What do we know about the effects of group dynamics on people’s perspectives? Well, we know that when people’s views are reaffirmed and consolidated by those around them, these views tend to be strengthened and made more extreme. Conversely, when they are contradicted, they tend to be weakened. Social psychologists call this group or attitude polarization. Over two decades ago Robert Baron and his co-authors saw this across a variety of different non-political settings: when judging other people’s looks, in rating the comfort of a dentist’s chair, or in deciding how much to give to a particular charity (Baron et al, 1996). When you apply the same tests to politics, similar things happen. People get more extreme in their views after discussing them with like-minded people. Cass Sunstein, in a fascinating 2002 article on ‘The law of group polarization’, cites studies that found:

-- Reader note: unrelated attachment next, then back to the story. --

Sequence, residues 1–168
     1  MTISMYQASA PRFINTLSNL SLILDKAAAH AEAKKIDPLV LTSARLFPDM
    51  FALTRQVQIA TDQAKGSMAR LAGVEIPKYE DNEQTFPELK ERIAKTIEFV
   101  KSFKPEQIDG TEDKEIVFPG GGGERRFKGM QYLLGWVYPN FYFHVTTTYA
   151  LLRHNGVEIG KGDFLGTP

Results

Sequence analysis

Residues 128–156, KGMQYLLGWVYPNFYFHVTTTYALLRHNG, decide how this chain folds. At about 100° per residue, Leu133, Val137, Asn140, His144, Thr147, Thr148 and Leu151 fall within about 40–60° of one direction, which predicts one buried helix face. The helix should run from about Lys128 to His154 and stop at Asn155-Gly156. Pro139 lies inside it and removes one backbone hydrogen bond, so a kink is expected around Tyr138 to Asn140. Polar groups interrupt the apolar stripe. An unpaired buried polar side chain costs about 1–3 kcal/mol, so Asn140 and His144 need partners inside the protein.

(a) A group of moderately pro feminist women will become more strongly pro-feminist after discussion. (b) After discussion, citizens of France become more critical of the United States and its intentions with respect to economic aid. (c) After discussion, whites predisposed to show racial prejudice offer more negative responses to the question whether white racism is responsible for conditions faced by African-Americans in American cities. (d) After discussion, whites predisposed not to show racial prejudice offer more positive responses to the same question.
Social corroboration, in other words, leads people to become more confident and less equivocal in their attitudes. Less willing, in other words, to question their views or to compromise.
We also know that people tend to notice and remember information that confirms their existing worldview, a phenomenon commonly referred to as confirmation bias. In his extended review of the evidence for and against this phenomenon, Raymond Nickerson not only found it to be consistently true, but discovered that it held true in lots of different situations — including political. ‘We seem seldom to seek evidence naturally’ Nickerson writes, ‘that would show a hypothesis to be wrong’ (Nickerson, 1998).